Operation Management

|Chapter 21: The operations challenge                                                                                                   |
|Study guide                                                                                                                           |

This is one of the most exciting times to be an operations manager. Markets are clearly more competitive than once they were. The role of public ownership of many state-run and formerly state-run operations, such as health care operations, is being questioned. The wider ownership of commercial businesses in many developed countries raises questions of stakeholder responsibility. Global barriers and alliances are shifting. Some technologies (such as internet-based technologies) have moved considerably further than our ability to understand their implications. Knowledge is seen as (arguably) the most important commodity in business. Perhaps most importantly, our responsibility to the environment in which we live can no longer be ignored. This last chapter deals with just some of the implications of these developments. The topics included in the chapter are not intended to be in any way an exhaustive list of the challenges facing operations managers. But they are a collection of some of the more interesting ones. Nor is this chapter the same as the others in its learning objectives. There is established theory around layout, supply chains, job design, planning and control and so on. What is presented in this chapter is not established theory. It is usually speculation concerning the impact of various challenges which have been identified. Approach it therefore not as a set of prescriptions but rather as a set of challenges for which there are no obvious answers.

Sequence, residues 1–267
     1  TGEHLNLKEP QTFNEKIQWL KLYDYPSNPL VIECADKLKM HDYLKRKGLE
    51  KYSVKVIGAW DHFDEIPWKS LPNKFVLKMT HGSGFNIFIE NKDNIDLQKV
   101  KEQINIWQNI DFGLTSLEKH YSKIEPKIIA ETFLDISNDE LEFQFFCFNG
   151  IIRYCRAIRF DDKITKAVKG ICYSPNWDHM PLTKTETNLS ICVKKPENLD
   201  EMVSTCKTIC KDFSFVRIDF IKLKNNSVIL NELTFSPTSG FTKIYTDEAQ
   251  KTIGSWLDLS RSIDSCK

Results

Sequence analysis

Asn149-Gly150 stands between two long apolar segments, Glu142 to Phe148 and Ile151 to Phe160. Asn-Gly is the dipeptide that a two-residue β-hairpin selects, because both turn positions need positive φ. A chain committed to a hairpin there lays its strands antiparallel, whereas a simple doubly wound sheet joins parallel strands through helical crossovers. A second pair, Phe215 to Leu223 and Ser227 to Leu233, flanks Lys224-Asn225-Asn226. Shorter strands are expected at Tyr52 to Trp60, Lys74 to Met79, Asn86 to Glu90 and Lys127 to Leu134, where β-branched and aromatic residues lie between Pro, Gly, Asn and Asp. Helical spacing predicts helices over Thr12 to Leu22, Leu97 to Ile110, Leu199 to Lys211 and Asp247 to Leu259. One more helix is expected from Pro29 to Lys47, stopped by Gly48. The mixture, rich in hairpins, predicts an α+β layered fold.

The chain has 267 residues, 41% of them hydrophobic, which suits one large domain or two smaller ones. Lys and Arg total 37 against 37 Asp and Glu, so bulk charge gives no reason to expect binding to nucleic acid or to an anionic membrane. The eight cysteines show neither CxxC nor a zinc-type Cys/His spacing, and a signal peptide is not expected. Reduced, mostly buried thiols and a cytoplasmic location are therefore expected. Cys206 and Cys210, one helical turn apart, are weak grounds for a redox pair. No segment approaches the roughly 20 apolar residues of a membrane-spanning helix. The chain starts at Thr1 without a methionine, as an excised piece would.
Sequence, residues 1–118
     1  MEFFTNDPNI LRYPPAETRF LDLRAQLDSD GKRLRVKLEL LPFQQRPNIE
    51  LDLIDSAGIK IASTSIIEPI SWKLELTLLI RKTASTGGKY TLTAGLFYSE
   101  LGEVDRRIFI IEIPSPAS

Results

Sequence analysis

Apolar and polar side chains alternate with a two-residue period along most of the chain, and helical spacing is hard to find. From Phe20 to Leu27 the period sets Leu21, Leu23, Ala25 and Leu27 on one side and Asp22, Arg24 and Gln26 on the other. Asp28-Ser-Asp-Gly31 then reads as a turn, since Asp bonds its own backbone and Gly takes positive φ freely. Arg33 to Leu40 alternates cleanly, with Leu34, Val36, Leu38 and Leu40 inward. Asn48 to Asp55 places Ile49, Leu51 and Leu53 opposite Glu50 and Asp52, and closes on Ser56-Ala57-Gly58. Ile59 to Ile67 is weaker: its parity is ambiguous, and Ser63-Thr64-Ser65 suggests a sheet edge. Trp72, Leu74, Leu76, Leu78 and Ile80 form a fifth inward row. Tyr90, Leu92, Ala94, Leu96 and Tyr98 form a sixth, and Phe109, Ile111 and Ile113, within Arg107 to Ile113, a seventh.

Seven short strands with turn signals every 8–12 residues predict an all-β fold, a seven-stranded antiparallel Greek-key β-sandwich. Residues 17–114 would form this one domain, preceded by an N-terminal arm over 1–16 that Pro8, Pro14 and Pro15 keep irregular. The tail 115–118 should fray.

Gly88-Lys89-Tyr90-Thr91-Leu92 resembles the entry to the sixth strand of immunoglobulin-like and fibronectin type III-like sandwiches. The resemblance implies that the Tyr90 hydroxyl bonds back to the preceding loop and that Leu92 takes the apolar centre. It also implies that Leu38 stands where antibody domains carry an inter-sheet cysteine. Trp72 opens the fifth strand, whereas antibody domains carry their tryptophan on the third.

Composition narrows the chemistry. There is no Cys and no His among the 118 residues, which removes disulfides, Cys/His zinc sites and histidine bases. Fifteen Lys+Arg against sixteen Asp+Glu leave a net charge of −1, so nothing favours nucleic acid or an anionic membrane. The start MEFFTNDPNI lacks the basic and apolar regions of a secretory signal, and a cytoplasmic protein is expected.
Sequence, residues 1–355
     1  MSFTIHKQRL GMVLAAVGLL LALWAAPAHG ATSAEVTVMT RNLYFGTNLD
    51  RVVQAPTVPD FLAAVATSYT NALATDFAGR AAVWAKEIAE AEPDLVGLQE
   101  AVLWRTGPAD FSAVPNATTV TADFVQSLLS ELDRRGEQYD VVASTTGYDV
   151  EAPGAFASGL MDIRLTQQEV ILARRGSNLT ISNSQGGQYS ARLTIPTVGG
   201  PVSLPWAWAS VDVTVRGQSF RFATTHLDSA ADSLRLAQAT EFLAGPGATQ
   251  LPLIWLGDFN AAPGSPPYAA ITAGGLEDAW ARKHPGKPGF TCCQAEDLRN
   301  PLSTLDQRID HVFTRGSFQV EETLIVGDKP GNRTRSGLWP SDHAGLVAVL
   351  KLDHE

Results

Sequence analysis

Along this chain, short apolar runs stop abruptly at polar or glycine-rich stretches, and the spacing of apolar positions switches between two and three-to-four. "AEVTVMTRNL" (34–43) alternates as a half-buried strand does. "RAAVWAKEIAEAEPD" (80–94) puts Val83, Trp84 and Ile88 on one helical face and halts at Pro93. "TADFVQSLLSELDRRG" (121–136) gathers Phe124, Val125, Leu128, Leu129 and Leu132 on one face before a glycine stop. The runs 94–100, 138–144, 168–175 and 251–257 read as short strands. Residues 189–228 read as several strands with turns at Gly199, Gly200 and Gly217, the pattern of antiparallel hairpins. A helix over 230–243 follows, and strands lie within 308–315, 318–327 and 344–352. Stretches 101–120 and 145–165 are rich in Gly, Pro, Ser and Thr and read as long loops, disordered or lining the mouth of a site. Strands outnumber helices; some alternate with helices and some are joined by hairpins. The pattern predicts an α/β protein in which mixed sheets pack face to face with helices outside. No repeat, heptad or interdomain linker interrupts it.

Your learning objectives
This is what you should be able to do after reading Chapter 21 and working through this study guide.
    • Look on operations management as a subject which has important connections with many of the important...